nephthys: (dragon - incense)
 
Yesterday upon the stair
I met a man who wasn't there.
He wasn't there again today
Oh how I wish he'd go away.
William Hughes Mearns, 1899

nephthys: (waterhouse - lady of shalott)

 

I'm gonna translate this. It's quite tricky though. 
I'm going to give literal and poetic translation a try...

François Villon: Eine kleine Liebesballade, gedichtet für Jeanne C. de Quée - Nachdichtung von Paul Zech


Im Sommer war das Gras so tief,
daß jeder Wind daran vorüberlief.
Ich habe da dein Blut gespürt
und wie es heiß zu mir herüberrann.
Du hast nur meine Stirn berührt,
da schmolz er auch schon hin, der harte Mann,
weil's solche Liebe nicht tagtäglich gibt ...
Ich hab mich in dein rotes Haar verliebt.
Im Feld den ganzen Sommer war
der rote Mond so rot nicht wie dein Haar.
Jetzt wird es abgemäht, das Gras,
die bunten Blumen welken auch dahin.
Und wenn der rote Mond so blass
geworden ist, dann hat es keinen Sinn,
daß es noch weiße Wolken gibt ...
Ich hab mich in dein rotes Haar verliebt.
Du sagst, daß es bald Kinder gibt,
wenn man sich in dein rotes Haar verliebt,
so rot wie Mohn, so weiß wie Schnee.
Im Herbst, mein Lieb, da kehren viele Kinder ein,
warum soll's auch bei uns nicht sein?
Du bleibst im Winter auch mein rotes Reh
und wenn es hundert schönere gibt ...
Ich habe mich in dein rotes Haar verliebt.

I especially (and those who know me, know that :P) LO-VE the last
line of each verse which says: "I fell in love with your red hair" - and
I'm a sucker for red hair, YES I am. Was, am and will be.
like forever. ok?
so. this piece of poetry touches quite some of the right chords...
nephthys: (Default)
WIEDERSEHEN

Freunde sein, wie? wenn
eins dem andern noch
ins Aug fliegt, sich eines
anderen Mal der Hand erinnert,
und etwas - -
etwas Freundliches sich in die
Hand gegeben hat. O niemals
nie, die Nächsten waren wir
und werden fortan die Fernsten sein.
ferner als fern, da alles gelebt
war, was du fortträgst von
mir, das Lächeln, Atmen
die Verzweiflung, alles,
was du mir bringst wundert
mich, denn "es ist kein größerer
Fluch, als nichts zu teilen,
mit dem der, das alles
geteilt hat und gelassen,
dem anderen Teil" Den
Flaum, mit dem man lebt,
ein neues Leben, das
kommt vom alten.
Ich habe keinen Flaum den
Schutzflim nichts, nichts
bekommen, hättest Du mich
verkauft, anstatt verraten,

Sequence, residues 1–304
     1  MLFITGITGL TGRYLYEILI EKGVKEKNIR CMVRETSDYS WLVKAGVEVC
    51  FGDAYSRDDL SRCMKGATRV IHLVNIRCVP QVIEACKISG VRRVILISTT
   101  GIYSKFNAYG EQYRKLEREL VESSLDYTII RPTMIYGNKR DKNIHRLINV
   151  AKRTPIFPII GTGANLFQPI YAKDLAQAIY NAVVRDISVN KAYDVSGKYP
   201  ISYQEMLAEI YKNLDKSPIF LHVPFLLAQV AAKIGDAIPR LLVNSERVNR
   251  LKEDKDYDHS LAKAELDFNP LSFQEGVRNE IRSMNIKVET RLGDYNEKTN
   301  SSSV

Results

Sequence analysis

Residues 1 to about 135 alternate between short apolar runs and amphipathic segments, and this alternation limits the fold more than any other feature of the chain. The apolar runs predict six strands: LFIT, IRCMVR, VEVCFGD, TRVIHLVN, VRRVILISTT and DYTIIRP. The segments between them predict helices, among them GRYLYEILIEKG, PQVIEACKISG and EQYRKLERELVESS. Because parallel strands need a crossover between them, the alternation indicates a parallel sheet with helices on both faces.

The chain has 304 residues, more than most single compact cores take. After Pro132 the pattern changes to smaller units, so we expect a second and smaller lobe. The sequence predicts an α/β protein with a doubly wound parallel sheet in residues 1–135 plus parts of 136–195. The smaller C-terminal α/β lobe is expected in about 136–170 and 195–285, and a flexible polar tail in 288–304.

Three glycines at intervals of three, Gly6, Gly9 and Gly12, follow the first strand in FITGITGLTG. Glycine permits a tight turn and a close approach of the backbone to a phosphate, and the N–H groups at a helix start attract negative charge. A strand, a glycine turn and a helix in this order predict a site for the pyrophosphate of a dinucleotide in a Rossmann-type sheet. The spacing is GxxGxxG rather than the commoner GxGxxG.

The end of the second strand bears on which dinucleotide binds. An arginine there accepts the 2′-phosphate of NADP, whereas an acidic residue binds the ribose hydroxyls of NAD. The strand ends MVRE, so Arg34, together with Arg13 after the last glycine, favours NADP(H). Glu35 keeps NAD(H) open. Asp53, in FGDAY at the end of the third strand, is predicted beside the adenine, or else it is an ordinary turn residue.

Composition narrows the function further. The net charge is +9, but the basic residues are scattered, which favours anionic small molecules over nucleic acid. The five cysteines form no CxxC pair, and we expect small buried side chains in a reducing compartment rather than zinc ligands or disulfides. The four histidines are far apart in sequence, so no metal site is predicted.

geduldet irgendwie, anstatt
Dich zu verweigern

ingeborg bachmann
nephthys: (Default)
Warum gabst du uns die tiefen Blicke,
Unsre Zukunft ahndungsvoll zu schaun,
Unsrer Liebe, unserm Erdenglücke
Wähnend selig nimmer hinzutraun?
Warum gabst uns, Schicksal, die Gefühle,
Uns einander in das Herz zu sehn,
Um durch all die seltenen Gewühle
Unser wahr Verhältnis auszuspähn?

Ach, so viele tausend Menschen kennen,
Dumpf sich treibend, kaum ihr eigen Herz,
Schweben zwecklos hin und her und rennen
Hoffnungslos in unversehnen Schmerz;
Jauchzen wieder, wenn der schnellen Freuden
Unerwart'te Morgenröte tagt.
Nur uns armen liebvollen Beiden
Ist das wechselseitge Glück versagt,
Um uns zu lieben, ohn uns zu verstehen,
In dem andern sehn, was er nie war,
Immer frisch auf Traumglück auszugehen
Und zu schwanken auch in Traumgefahr.

Glücklich, den ein leerer Traum beschäftigt!
Glücklich, dem die Ahndung eitel wär!
Jede Gegenwart und jeder Blick bekräftigt
Traum und Ahndung leider uns noch mehr.
Sag, was will das Schicksal uns bereiten?
Sag, wie band es uns so rein genau?
Ach, du warst in abgelebten Zeiten
Meine Schwester oder meine Frau.

Kanntest jeden Zug in meinem Wesen,
Spähtest, wie die reinste Nerve klingt,
Konntest mich mit Einem Blicke lesen,
Den so schwer ein sterblich Aug durchdringt;
Tropftest Mäßigung dem heißen Blute,
Richtetest den wilden irren Lauf,
Und in deinen Engelsarmen ruhte
Die zerstörte Brust sich wieder auf;
Hieltest zauberleicht ihn angebunden
Und vergaukeltest ihm manchen Tag.
Welche Seligkeit glich jenen Wonnestunden,
Da er dankbar dir zu Füßen lag,
Fühlt' sein Herz an deinem Herzen schwellen,
Fühlte sich in deinem Auge gut,
Alle seine Sinnen sich erhellen
Und beruhigen sein brausend Blut!

Und von allem dem schwebt ein Erinnern
Nur noch um das ungewisse Herz,
Fühlt die alte Wahrheit ewig gleich im Innern,
Und der neue Zustand wird ihm Schmerz.
Und wir scheinen uns nur halb beseelet,
Dämmernd ist um uns der hellste Tag.
Glücklich, dass das Schicksal, das uns quälet,
uns doch nicht verändern mag!


j.w.goethe
nephthys: (waterhouse - lady of shalott)
On either side the river lie
Long fields of barley and of rye,
That clothe the wold and meet the sky;
And through the field the road run by
To many-tower'd Camelot;
And up and down the people go,
Gazing where the lilies blow
Round an island there below,
The island of Shalott.

Willows whiten, aspens quiver,
Little breezes dusk and shiver
Through the wave that runs for ever
By the island in the river
Flowing down to Camelot.
Four grey walls, and four grey towers,
Overlook a space of flowers,
And the silent isle imbowers
The Lady of Shalott.